To keep the main thing the main thing, everything else must change.
Nowhere is this perhaps truer today than in the Church. As Carey Nieuwhof puts it, we have to love the mission more than the model. The mission to make disciples of Jesus Christ has never changed, but to keep that mission at the forefront, everything else about how we live out our mission as the Church must change. And that’s hard.
On Sunday, I will head to the South Carolina Annual Conference of the United Methodist Church along with hundreds of other pastors and church members from across the state. In the weeks and months to come, thousands of others in our denomination will do the same, each to their own Annual Conference. I wonder how much will look the same as it has for years. I wonder how much will change. I wonder if we’re ready to engage the big questions like which pieces of our model are we hanging onto more desperately than our desire to see people changed by the Lordship of Jesus Christ in their lives. Or, what about the really big questions, like whether denominations have had their day in church history. What if denominations served a great purpose for bringing Christians together for larger mission in the world, but now their systems, bureaucracies and processes have grown burdensome and distracting from that very intent? Are we willing to scrap the model for the mission? Or are we willing to let the mission suffer for the sake of maintaining the model?
I’m a church planter. Or, I was a church planter. I’m not sure how long you can hang onto that title. The church I helped plant is now 5 1/2 years old. When we started, everything looked different, so it was easy to look down from our trendy, hipster-laden, direct trade coffee-drinking perch at those other places still drinking Folgers from styrofoam and think we obviously had the market cornered on keeping the main thing the main thing. We loved Jesus, and our skinny jeans were the proof. But five years in, there are already things we love about how we “do church,” and I wonder if we are being careful enough to continue loving Christ more than our model. What happens when our relevance becomes irrelevant? Will we cling to our sacred cows, or commit to a way of doing church that is designed for constant change?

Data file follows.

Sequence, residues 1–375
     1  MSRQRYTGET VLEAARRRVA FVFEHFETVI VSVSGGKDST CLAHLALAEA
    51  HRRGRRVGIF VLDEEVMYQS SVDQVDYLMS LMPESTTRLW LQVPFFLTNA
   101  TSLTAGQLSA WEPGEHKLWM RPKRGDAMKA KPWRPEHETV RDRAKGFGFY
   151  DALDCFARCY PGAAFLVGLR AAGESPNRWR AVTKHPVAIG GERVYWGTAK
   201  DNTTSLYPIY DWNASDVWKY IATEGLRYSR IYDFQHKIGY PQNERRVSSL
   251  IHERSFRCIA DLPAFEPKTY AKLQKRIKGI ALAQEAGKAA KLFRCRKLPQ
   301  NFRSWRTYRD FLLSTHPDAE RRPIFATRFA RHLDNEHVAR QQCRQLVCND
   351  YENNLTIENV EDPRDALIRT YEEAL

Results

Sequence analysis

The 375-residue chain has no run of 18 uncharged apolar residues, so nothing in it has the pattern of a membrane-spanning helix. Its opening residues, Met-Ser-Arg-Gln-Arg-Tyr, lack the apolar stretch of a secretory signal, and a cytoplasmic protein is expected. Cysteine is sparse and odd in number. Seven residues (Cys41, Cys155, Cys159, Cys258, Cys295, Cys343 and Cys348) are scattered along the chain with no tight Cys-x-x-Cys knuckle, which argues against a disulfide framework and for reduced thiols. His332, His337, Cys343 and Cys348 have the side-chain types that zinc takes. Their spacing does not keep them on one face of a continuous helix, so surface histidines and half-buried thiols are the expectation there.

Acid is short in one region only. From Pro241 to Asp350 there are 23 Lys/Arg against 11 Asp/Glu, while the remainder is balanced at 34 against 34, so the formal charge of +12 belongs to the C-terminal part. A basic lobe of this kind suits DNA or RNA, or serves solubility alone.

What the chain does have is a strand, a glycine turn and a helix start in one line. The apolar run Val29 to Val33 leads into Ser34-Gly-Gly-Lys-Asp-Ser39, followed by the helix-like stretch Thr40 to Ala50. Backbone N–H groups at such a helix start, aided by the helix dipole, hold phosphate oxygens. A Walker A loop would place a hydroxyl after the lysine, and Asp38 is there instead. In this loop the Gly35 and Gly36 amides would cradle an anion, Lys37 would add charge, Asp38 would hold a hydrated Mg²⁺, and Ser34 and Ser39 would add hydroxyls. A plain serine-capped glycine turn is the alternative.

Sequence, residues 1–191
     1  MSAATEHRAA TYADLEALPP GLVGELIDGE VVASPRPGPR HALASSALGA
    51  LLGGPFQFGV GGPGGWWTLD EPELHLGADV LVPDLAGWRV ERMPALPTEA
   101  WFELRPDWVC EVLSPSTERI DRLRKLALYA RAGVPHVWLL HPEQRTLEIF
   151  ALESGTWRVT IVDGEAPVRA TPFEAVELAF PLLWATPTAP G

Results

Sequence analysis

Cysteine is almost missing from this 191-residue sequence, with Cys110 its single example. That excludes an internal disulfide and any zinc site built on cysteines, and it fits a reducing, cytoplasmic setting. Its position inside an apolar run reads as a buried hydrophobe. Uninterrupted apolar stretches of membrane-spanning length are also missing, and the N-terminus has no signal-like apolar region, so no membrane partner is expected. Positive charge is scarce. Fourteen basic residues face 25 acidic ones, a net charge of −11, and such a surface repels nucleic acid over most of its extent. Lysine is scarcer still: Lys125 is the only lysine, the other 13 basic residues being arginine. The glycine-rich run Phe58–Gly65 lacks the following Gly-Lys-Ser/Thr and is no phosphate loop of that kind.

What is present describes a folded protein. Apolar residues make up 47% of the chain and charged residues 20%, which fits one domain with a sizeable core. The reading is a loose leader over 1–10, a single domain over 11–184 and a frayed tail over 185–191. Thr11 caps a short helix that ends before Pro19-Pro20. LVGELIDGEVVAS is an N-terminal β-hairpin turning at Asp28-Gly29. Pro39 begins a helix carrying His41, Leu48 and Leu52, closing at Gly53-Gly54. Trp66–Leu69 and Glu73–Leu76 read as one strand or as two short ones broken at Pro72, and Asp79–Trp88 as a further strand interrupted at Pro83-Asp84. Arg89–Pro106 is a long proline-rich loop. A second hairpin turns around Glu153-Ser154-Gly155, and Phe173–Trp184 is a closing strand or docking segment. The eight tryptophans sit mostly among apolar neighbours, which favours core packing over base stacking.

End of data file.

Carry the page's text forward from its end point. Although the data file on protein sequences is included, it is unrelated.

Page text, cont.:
To keep the main thing the main thing, everything else must change. I want to be part of doing the hard work, knowing that the hard work never ends. The hard work isn’t a phase, it’s the path of faithfulness, and Jesus warned that few would follow that narrow road. I don’t have all of the answers, but I want to commit to walking that narrow road together – it’s better that way!
It’s easy to see all the ways others should repent. As ISIS beheads and Fifty Shades rakes in millions, it’s tempting to feel at best defeated, and at worst, morally superior. But God, as we begin a season of reflecting, remembering and begging for your mercy, as we walk with Jesus toward the cross, will you please show us the ways our sins nailed you to that place? Will you please show me my sins?
Jesus, please open my eyes to the areas I choose blindness so I can avoid action. Make me aware of the emptiness of all of my excuses. And even in that place of repentance, please give me a new understanding of what it means that you went first. You took on sin, pain, suffering and death so that I could have hope – even in my insistence on doing things my way.
Jesus, help me make much of you in the coming days and so much less of myself. Please give me the strength to take up my cross and follow you.
Two weeks ago my husband called me at 1:30 to see if I had eaten lunch yet. I had, but he continued to pester me anyway. He even tried to talk me into a “second lunch” complete with a milkshake. I was busy, trying to cross things off my ever-important to-do list so I blew him off.
Then he played the trump card, “What about a lunch date with me and Jacob?” he asked. Jacob is our 5-yr old son who is in kindergarten.
“What?!” I yelled into my phone. “Tell me you didn’t pick up Jake early from school?” I cried.
“Sure did,” he replied with a grin in his voice. “I decided I was done working for the day and I wanted to see my boy. You should have seen his face when I walked in his class.”
My heart should have melted. I should have been so proud to be married to that man in that moment. But the smart part of my brain hadn’t caught up to the busy part of my brain yet, so instead I told him that I wished he would have consulted me (yes, I said “consulted” as though we were a business or legal firm instead of a family) and I would see them at home after they finished their milkshakes. I had stuff to do.
I can’t believe I’m telling the internet about this.
My son’s face when his dad walked in the room…the image eventually sunk in. There are so many moments of our kid’s childhoods that we will forget and they will forget, but I’m pretty sure they will remember the moments we showed up. They will remember the times we showed up for “no reason” except the reason that’s the very best – just because we wanted to see them.